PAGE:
“You also have a higher education, you traveled the world, but you came back,” I say.

“I served in Poland. My papers were ready, I was offered a good job in Poland, but suddenly I changed my mind. I realized that I was like a tree uprooted, I was short of breath and I wanted my village … But at that time there was livelihood, there was work in the village. Barekamavan was a big village, it had a school and a kindergarten, a house of culture.

Who cared about Yerjan? They used to come to give us a concert and a theater … We had a movie theater. Young people dressed nicely, went to the movies … to find a girl.

“At that time I came to Barekamava from Koghb as a bride,” says Christine, Jonik’s wife, who during our conversation was putting fruit in jars and pouring fresh water on it.

“You did heroism …”

“No, what I am not saying it was heroism. Barekamavan was no different from Koghb. If it was like today, I would not come. Look, we work from morning till night, in the field, on the land, in the field … I am not saying that most of the lands are under the target of the Azerbaijanis, we do not have good land, we have to squeeze bread from the stone. But there is no kindergarten for young families to take care of their children and go to earn a living. My son and daughter have worked with us since childhood. My son came home from school, helped his father instead of doing lessons, only got home in the evening, and did lessons at night. My daughter got married in the village, but when they leave the village, there is no way. You have to work in the village to make a living. Tell me, who will take care of the child so that my daughter can work?”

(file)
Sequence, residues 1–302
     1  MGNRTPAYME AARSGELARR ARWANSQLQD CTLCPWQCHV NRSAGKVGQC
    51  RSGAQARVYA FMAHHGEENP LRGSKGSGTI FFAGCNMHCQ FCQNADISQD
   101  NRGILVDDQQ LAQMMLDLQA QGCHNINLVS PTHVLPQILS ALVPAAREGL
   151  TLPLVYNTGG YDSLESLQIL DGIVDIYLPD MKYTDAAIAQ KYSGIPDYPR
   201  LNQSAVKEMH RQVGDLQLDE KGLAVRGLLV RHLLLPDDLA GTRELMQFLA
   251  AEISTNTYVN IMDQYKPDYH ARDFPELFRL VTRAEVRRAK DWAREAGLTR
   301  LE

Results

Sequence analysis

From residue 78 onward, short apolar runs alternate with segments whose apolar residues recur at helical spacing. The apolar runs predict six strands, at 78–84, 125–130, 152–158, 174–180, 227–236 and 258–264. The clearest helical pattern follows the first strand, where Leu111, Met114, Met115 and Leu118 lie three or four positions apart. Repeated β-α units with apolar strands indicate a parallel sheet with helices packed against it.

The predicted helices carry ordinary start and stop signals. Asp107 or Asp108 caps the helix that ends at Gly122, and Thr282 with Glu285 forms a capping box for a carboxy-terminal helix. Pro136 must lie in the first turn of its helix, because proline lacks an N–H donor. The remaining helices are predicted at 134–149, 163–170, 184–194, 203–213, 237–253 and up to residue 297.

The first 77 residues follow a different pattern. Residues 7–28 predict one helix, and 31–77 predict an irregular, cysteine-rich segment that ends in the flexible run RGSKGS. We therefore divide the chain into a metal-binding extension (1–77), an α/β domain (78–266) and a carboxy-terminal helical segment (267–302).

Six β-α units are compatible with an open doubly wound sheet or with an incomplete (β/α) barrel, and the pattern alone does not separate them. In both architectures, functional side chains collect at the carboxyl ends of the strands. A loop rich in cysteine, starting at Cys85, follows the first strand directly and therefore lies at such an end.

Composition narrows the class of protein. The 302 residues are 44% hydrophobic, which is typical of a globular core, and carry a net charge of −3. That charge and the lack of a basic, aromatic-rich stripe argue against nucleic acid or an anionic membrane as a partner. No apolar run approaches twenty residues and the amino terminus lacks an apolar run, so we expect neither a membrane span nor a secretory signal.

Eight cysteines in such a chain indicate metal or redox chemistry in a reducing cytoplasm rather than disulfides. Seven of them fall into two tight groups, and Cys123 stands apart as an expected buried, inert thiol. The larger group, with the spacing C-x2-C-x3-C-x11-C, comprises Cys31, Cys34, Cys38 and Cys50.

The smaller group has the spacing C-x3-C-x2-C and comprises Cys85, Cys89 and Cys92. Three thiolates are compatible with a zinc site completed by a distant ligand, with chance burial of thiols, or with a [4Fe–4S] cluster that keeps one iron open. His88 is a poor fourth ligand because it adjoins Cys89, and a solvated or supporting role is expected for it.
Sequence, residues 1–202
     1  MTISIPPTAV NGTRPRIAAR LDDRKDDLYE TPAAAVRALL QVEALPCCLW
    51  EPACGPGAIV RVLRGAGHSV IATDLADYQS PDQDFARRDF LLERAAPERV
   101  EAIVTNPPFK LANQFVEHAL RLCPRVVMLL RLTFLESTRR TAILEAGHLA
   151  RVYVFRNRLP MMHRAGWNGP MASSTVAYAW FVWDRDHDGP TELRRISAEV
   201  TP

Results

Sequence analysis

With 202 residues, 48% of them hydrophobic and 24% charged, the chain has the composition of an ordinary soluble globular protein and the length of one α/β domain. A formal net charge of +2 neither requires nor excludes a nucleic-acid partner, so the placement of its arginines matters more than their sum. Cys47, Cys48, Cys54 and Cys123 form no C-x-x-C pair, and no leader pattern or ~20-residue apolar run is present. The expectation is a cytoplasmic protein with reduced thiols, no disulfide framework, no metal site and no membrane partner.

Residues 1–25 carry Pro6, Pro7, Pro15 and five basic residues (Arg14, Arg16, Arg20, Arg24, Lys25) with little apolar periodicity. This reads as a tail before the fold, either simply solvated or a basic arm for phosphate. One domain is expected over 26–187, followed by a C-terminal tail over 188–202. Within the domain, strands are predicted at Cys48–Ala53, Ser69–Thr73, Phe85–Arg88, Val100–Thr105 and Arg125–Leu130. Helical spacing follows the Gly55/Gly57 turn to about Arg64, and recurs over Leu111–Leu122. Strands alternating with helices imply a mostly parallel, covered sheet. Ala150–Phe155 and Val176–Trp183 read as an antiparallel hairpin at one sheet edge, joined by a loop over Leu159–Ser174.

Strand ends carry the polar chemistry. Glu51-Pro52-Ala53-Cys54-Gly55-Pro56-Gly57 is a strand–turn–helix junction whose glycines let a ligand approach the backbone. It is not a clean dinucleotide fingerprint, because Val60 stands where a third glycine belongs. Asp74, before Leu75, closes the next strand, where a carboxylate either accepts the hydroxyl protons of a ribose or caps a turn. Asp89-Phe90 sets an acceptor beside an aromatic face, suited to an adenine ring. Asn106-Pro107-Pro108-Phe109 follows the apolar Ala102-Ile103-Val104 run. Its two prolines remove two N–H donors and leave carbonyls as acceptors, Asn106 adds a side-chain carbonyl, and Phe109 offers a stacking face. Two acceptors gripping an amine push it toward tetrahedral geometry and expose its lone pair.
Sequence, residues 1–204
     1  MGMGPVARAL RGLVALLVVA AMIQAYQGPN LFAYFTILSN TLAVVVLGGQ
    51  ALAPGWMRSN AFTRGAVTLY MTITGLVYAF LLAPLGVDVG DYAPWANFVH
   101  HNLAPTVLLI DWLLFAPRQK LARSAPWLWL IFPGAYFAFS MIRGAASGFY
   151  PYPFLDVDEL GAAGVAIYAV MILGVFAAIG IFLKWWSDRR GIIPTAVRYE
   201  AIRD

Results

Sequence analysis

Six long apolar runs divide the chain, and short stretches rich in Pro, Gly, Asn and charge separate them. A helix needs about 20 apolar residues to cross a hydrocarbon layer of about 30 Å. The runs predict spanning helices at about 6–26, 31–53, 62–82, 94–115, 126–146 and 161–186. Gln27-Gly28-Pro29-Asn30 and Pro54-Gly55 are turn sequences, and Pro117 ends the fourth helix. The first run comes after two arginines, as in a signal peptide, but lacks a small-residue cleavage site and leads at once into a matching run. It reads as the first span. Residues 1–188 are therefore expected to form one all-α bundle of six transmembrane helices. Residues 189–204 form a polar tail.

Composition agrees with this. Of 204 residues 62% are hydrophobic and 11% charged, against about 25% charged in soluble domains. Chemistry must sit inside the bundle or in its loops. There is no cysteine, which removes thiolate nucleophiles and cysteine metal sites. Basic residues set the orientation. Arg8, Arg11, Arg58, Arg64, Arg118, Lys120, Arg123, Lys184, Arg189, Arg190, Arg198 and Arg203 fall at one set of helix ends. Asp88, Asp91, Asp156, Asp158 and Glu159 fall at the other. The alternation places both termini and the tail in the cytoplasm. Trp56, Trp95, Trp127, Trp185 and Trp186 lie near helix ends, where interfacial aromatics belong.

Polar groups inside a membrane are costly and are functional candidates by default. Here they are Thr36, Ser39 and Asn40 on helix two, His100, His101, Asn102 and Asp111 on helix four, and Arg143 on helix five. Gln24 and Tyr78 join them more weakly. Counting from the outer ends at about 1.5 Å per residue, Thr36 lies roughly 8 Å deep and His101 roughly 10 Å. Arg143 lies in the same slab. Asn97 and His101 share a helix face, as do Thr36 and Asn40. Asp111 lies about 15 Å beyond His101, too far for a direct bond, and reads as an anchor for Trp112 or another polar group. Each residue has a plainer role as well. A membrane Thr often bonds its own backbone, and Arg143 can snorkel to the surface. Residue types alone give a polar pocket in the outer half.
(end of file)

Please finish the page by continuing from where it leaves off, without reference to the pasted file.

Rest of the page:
“I missed football,” says the handsome young man who had recently been demobilized, Manvel, the son of Jonik and Christine. “It was the biggest gap of my childhood that I missed playing with boys my own age.” There were not enough boys to play football. Will it be possible to play football with three people?”

I’m laughing.

“You found something to complain about. You talk about shooting. Say there is no opportunity for entertainment, say there is no job or football …”

“I did not have a childhood …”

He says so sadly that I’m serious about someone.

“My future children must have childhood …”

“Are you going to leave the village?”

Manvel shakes his head.

“If there is a job, people will not only stay in the village, but also those who have left will return. The homeland starts from the border, we were trained in the army. This is the border, what difference does it make? In the army they gave us very good food, they dressed well, they provided all the living conditions, the doctor was by your side … Well, this is also an army, every resident of the border village is a soldier, every house is a position … I am not saying: Give us free bread like an army, I just want a job. We are working people. I also worked in Yerevan. My classmates were sitting in cafes after school, I was working in the door factory until late at night to relieve my parents of some worries.

For example, why do they sew a soldier’s uniform in Yerevan? Is there less work in Yerevan? Let them open a workshop in our village and pay something more. They pay so much that the women of the neighboring villages come and sew, let them provide a vehicle to bring those women from the neighboring villages to Barekamavan every morning to work and take them home in the evening. You will see that the village is full. You will see children running in the streets, playing football as a team …”



Category: #36 (1356) 9.09.2020 - 15.09.2020, Army and Society, Spotlight